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The recent extreme weather

Discussion in 'science and environment' started by ferrelhadley, Jun 29, 2012.

  1. ferrelhadley

    ferrelhadley tick tock, tick tock its coming close now







    Linking the Arctic changes to the jetstream.

    Dr Jon and Falcon like this.
  2. Santino

    Santino lovelier than lovely

    I'm sure it's nothing to worry about.
  3. Pickman's model

    Pickman's model Turned out nice again

  4. ferrelhadley

    ferrelhadley tick tock, tick tock its coming close now

    Nothing you would understand.
    Lock&Light likes this.
  5. Pickman's model

    Pickman's model Turned out nice again

    post it in english and i'll give it a go
  6. Frankie Jack

    Frankie Jack Not a bloke..

    Good to see you post again ferrel.
  7. Greebo

    Greebo Does my bum look big in this paradigm shift?

    Worrying. What do we do?
  8. AnandLeo

    AnandLeo Tipple Ripple

    Hurricanes in America and ensuing devastation are common events. However, the damage caused by recent storm looks like an act of vengeance by some mythical god. The narrative of victims of lightning and thunder is vivid, and pictures of fallen trees crushing cars and property look like nothing less than an act of anger. Apparently, they couldn’t even predict it.
  9. Falcon

    Falcon Well-Known Member

    Well, in 5 years time - nothing, apparently. At current emissions trajectories (driven by new filthy coal fired electricity generating capacity, prompted by falling conventional oil stocks), climate change is forecasted to become irreversible (source).

    Perhaps it's already too late - vast methane plumes (methane is 20 times more reactive than CO2 as a climate instability agent) activated by the warming arctic waters are now causing those arctic waters to fizz with gas (source), warming the atmosphere, and causing more methane to be released - this is the feared climate runaway scenario (or, more accurately, one of many).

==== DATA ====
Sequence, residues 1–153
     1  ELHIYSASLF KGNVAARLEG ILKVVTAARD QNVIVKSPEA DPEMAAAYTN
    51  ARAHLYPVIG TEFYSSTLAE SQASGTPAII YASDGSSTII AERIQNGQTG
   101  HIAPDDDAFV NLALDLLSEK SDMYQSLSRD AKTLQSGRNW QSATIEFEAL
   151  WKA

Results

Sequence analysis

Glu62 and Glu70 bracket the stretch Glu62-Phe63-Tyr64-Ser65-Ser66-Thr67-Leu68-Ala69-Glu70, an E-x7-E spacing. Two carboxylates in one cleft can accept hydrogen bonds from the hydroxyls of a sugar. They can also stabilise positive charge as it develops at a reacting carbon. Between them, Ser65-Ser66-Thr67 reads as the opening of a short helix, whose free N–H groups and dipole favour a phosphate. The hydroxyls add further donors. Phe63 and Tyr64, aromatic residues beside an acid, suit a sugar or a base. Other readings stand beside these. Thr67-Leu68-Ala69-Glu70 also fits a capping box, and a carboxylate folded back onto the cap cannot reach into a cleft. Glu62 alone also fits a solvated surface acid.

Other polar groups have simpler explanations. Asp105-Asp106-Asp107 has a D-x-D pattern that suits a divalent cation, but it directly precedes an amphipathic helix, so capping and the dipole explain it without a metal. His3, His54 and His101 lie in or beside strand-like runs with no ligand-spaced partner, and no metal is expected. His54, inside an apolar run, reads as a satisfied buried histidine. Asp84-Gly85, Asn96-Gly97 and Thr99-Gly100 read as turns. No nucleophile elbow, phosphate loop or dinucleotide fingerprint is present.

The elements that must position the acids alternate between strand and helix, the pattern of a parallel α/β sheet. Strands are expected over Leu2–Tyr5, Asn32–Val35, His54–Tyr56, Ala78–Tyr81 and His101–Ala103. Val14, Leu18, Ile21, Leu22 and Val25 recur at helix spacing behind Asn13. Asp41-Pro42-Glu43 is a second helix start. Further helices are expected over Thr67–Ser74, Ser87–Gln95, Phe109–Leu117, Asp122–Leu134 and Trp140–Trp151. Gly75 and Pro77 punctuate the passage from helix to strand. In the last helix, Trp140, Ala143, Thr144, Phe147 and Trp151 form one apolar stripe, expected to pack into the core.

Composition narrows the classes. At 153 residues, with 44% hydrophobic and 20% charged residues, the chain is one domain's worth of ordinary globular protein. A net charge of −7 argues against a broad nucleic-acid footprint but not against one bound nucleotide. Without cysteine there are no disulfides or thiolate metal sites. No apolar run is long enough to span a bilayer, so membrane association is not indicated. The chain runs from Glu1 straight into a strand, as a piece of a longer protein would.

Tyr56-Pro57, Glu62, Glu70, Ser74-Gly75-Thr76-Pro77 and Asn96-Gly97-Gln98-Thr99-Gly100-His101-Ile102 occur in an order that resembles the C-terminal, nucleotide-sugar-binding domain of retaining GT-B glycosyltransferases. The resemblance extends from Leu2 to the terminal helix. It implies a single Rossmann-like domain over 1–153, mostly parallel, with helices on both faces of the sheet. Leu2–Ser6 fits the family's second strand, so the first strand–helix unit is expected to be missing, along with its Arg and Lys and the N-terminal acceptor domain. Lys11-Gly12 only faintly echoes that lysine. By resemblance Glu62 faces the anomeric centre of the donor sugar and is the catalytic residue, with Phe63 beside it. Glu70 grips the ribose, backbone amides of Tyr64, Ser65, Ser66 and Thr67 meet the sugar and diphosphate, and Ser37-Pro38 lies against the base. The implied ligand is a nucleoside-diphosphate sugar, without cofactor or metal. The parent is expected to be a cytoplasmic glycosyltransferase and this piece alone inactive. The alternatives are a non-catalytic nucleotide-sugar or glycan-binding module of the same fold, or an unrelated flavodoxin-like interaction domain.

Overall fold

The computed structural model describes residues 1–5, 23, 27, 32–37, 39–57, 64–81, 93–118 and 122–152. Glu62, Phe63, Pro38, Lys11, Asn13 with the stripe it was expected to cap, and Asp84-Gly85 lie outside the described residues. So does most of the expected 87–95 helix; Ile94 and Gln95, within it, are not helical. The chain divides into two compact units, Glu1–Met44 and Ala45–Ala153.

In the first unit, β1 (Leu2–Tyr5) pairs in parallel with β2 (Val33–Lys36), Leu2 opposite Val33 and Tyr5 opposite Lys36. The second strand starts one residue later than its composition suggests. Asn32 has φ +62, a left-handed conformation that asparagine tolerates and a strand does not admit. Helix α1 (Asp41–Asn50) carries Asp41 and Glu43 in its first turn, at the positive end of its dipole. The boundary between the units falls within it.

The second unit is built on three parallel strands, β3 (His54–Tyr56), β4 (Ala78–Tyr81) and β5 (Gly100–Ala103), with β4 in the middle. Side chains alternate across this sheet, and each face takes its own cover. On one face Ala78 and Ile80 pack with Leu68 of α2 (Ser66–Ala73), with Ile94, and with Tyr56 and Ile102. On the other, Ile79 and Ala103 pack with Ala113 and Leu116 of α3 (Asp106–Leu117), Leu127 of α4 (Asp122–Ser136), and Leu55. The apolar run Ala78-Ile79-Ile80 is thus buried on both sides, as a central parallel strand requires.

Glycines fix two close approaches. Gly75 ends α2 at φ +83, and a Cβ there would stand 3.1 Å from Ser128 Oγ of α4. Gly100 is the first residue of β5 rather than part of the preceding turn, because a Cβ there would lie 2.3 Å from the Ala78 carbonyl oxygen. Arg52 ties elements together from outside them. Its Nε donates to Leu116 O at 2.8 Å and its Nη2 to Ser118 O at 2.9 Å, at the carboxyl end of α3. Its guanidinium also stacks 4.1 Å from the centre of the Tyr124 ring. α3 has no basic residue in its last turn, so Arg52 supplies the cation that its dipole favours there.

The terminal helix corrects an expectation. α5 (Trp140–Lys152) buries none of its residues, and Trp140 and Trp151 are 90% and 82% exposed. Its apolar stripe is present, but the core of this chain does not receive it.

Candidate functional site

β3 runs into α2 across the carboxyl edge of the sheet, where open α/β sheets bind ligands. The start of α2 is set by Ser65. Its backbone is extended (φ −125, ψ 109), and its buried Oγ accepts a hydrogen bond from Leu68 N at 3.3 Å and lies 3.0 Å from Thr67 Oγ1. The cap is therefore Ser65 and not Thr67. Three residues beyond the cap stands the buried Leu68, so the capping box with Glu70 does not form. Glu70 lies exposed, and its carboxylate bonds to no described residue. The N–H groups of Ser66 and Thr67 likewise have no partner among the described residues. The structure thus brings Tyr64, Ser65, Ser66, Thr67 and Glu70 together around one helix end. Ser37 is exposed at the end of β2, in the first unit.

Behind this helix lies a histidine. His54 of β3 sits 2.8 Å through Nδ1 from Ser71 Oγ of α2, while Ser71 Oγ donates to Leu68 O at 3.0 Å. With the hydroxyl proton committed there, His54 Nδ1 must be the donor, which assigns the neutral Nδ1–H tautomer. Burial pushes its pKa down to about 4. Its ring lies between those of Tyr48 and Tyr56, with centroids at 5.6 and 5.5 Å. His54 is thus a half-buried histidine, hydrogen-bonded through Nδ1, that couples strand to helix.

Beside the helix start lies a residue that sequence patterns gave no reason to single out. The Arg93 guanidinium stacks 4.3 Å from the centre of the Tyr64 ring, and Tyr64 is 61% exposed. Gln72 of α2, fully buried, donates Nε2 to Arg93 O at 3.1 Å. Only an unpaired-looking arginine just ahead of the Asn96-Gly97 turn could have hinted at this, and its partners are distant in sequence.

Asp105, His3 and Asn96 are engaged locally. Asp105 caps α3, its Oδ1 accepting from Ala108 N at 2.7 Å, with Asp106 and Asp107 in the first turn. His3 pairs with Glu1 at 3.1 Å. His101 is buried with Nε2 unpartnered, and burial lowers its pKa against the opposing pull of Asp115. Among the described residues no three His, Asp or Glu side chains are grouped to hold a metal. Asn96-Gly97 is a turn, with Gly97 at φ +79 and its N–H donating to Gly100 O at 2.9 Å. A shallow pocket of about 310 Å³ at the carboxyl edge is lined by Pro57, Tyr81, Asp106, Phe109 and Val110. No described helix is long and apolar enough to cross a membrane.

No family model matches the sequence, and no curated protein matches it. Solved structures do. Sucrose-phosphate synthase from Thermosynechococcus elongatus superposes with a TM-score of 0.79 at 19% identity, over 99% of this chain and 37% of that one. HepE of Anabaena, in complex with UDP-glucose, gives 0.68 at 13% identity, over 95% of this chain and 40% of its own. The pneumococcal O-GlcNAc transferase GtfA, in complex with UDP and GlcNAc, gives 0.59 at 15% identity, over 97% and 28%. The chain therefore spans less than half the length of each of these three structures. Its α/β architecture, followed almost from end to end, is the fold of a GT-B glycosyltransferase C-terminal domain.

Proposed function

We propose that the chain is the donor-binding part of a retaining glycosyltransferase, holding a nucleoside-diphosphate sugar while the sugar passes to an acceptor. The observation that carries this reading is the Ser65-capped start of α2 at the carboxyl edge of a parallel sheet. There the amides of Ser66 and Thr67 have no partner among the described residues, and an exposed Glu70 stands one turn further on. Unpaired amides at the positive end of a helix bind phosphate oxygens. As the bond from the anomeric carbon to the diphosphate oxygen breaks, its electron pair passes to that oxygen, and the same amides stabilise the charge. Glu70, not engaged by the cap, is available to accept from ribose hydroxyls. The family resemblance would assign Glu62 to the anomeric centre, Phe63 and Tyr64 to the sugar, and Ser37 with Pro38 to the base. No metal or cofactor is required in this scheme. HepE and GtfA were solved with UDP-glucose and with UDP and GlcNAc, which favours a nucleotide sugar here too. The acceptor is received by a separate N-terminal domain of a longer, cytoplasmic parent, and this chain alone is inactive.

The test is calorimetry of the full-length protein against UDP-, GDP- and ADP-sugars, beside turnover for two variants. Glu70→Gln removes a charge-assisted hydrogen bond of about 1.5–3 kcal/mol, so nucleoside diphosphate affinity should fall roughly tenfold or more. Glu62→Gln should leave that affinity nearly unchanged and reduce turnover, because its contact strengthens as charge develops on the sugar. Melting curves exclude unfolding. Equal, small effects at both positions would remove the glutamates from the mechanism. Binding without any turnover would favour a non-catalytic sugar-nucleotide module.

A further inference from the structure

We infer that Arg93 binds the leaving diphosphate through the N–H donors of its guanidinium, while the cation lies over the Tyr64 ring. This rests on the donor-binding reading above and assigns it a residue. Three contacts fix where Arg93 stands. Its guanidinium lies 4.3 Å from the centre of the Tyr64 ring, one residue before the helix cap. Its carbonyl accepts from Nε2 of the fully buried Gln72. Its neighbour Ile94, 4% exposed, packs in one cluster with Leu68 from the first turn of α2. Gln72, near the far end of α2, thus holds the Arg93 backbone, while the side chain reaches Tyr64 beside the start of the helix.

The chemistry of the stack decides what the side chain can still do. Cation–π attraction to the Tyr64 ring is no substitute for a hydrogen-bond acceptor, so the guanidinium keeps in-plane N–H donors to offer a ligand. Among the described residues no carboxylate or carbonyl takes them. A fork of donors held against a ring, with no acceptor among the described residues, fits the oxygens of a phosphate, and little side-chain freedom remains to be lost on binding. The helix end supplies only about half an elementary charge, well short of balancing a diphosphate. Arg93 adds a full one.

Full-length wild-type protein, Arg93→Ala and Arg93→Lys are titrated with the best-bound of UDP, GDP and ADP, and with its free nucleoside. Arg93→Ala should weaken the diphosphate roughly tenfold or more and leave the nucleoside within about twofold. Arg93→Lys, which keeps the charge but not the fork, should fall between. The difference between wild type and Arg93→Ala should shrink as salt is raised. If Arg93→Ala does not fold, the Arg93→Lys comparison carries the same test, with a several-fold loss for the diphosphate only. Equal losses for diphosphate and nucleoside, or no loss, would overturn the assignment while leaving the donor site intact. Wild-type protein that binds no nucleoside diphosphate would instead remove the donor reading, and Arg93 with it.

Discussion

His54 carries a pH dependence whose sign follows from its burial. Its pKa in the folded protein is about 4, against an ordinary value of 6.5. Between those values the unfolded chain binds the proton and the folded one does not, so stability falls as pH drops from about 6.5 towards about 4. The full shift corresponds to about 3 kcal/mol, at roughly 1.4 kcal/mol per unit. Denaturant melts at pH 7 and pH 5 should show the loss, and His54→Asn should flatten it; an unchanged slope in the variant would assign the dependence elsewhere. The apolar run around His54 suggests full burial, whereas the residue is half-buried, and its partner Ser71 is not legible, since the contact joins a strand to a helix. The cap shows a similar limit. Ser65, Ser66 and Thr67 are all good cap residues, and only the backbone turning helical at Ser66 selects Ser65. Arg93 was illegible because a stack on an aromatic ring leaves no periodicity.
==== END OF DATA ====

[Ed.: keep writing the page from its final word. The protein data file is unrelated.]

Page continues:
We could factor the cost of mitigating climate change into the price of hydrocarbon fuels. But that would double or treble the oil price, and the economy doesn't function even at the current oil price (it is currently running on printed money). So climate degradation would be compounded by rising unemployment, falling government tax revenues, and collapsing state spending.

    We could prohibit oil companies from extracting the 80% of current remaining oil reserves which collectively exceed our remaining carbon emission budget if burned (source). But the $22 trillion that would be removed from the stock market (and fund the majority of pensions) would be the least of our worries. It would destroy the energy source for industrial society and the industrial agricultural system.

    Climate change is now probably more of a predicament (something without a solution) than a problem, at least if the goal is to preserve a way of living that looks like the current one. Which is why they warned us to do something about it in the 1970's, when there still were options.

    [​IMG]

    If we were serious, we'd use the the remaining $8 trillion worth of hydrocarbon fuels we can burn to power the transformation of society to one with per capita energy and resource consumptions that are sustainable within the source and sink capacities of the environment. But it's not clear whether that is even possible at the current population, and pretty clear it isn't possible under anything other than emergency conditions.